• 3D Photography Course at Brown University by Gabriel Taubin. This vision course is similar to the present course, except it work later into the 3D vision pipeline, after we already have the 3D cameras and an initial reconstruction, how to get better reconstructions and photometry.

Other Vision & Related Courses

Exams

P1: 16Aug18 Signature / presence required for course Final/Sub:

Homework

Assignment 1

Practice Labs

Download

All lab material (images, pdf, etc) can be downloaded and updated through Git [1]:

 git clone https://github.com/rfabbri/vision-course.git
  • Use your language of choice to do the homework. I suggest Scilab, Matlab or Python. This year, most students have elected Python
  • This year, since we'll be focusing on 3D, you only need to do Lab1 to get started:

Lab1: Processamento ponto a ponto

  • Enunciado
  • The necessary images are available at Git[2]
  • Due date: 9Ago18 until midnight. Atrasos serao aceitos porem somente com reducao na nota.

Instructions for submission

  • A solucao deve ser digitada em um relatorio e entregue no formato pdf.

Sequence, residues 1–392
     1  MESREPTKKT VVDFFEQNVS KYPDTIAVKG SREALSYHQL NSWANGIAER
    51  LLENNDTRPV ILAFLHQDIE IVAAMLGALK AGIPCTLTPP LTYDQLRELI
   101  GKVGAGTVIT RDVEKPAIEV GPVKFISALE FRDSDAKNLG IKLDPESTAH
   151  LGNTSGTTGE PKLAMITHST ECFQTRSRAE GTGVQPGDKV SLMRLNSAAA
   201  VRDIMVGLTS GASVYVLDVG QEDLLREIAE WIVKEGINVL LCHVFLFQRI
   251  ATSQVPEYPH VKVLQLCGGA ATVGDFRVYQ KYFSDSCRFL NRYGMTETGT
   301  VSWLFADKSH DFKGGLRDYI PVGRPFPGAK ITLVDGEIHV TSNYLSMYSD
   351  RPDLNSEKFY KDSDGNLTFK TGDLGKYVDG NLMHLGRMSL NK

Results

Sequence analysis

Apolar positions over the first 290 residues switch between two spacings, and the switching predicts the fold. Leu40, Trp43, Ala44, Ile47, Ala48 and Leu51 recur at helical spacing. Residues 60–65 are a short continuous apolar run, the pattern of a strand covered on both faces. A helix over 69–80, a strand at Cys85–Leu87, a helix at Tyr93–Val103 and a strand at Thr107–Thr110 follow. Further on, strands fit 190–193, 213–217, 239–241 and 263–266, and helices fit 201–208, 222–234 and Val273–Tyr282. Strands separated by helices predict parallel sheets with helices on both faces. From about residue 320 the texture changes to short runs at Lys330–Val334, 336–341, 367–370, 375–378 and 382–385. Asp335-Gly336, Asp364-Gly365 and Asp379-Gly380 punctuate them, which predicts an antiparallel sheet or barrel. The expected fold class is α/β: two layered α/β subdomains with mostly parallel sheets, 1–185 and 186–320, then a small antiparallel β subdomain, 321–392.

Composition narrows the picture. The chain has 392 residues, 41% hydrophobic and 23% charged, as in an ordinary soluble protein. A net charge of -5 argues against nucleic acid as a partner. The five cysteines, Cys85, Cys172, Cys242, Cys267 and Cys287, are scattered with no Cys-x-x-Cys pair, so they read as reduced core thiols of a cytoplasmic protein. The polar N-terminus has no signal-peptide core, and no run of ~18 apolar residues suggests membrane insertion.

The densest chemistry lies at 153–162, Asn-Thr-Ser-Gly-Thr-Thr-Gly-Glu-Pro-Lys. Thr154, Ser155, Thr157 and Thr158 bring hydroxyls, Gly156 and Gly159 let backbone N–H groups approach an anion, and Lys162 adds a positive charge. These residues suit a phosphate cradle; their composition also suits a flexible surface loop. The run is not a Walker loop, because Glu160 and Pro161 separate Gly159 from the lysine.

• Incluir tambem todo o codigo fonte e dados gerados
  • Enviar um arquivo zipado com tudo (scripts scilab, relatorio, etc) por email, no formato:
<sobrenome>-<nome>-visao-computacional-lab<numero_lab>.zip

Projects

3D Reconstruction for Robotics

A robot playing robot soccer needs to measure its position within the soccer field, reconize and track the position of other robots and a ball object relative to itself and the soccer field. If we only want to use regular and cheap cameras for this process (robot eyes), how are we to proceed with the software? We could attempt to use sparse structure from motion techniques, that are now widely available. This has the advantage of robustness for tracking relative pose and provides some geometry, as opposed to generating and stitching depth maps.